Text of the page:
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Buffy The Vampire Slayer

IGN declares "Buffy" Movie as the best movie-to-tv transition

Saturday 18 August 2007, by Webmaster

#1: Buffy the Vampire Slayer (1997 - 2003)

This was an easy choice for us. After all, Buffy the Vampire Slayer is, quite simply, one of the best TV shows of all time. And hey, it’s based on a movie, so how could it not be the best TV show that started as a film? What’s fascinating about Buffy is that the movie was in fact written by Joss Whedon, the same incredibly talented writer who would go on to guide the TV series. But Whedon was very unhappy with how that film turned out, feeling the director and others involved turned it into a far sillier and campier story than he intended. And he wasn’t alone, because let’s face it, Buffy the Vampire Slayer was not a good movie.

That being the case, who could have guessed what an amazing TV show it would turn into? In television the writer often has far more power than in movies, and there’s no better example of that than comparing the TV and movie incarnations of this story. Whedon intended the fact that his heroine was a blond girl named Buffy as a chance to subvert the horror and action genres, not to play the whole thing as a joke, as the film had done. With the TV show he very quickly overcame any scoffing the title might have caused, making a series that had a shrewd sense of humor, but was never done for humor’s sake alone. Point of fact, Buffy was a show that had incredible stakes (no pun intended!), and where the danger was decidedly real. Whedon has an ability to create some of the most lovable and relatable characters imaginable, making it all the more jarring and wrenching when they’re hurt or even killed. This was illustrated during Season 2’s spectacular Angel turned Angelus story — when Buffy’s vampire lover turned very, very bad — which took an already good show to great heights and set the stage for some of the most memorable television moments and episodes of the past decade.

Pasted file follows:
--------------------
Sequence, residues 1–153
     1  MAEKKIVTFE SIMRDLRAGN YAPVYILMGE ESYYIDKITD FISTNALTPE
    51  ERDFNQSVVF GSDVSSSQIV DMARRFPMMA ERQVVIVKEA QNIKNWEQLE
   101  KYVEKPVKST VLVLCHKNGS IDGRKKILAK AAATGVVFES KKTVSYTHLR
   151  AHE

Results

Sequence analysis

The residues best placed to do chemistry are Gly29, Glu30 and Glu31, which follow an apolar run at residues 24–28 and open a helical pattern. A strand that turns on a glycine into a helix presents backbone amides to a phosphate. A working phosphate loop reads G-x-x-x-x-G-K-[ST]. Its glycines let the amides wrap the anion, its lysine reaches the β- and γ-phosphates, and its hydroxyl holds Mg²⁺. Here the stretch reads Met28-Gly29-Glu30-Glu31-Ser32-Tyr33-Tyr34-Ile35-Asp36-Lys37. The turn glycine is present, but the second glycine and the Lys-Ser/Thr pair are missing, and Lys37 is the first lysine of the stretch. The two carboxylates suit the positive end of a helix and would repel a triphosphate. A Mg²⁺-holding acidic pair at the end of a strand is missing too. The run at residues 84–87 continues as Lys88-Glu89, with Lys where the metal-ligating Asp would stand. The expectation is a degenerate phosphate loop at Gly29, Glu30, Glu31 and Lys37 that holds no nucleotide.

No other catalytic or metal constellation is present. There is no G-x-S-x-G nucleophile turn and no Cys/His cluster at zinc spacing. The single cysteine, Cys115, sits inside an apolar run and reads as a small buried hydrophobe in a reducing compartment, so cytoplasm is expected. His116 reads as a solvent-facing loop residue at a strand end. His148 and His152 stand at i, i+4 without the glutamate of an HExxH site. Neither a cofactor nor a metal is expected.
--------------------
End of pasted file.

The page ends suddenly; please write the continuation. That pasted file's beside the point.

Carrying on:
Looking back on the Buffy movie and knowing Whedon’s talent and how his writing sounds when he’s the one really guiding his work, it’s easy to imagine how the movie could have been something much better than it was, had the screenwriter’s original intent remained. Still, if the film had been more to Whedon’s liking, who knows, maybe he never would have felt to "set things right" as it were, by taking the job on the TV show, and we would have been robbed of something truly special. Whedon is a great screenwriter, but movies can’t capture the kind of long-term storytelling a TV show can, and rarely allow for experimenting to the extent episodes like "Hush" or "The Body" did. It was TV where Whedon and Buffy truly belonged, and thankfully, we got them there.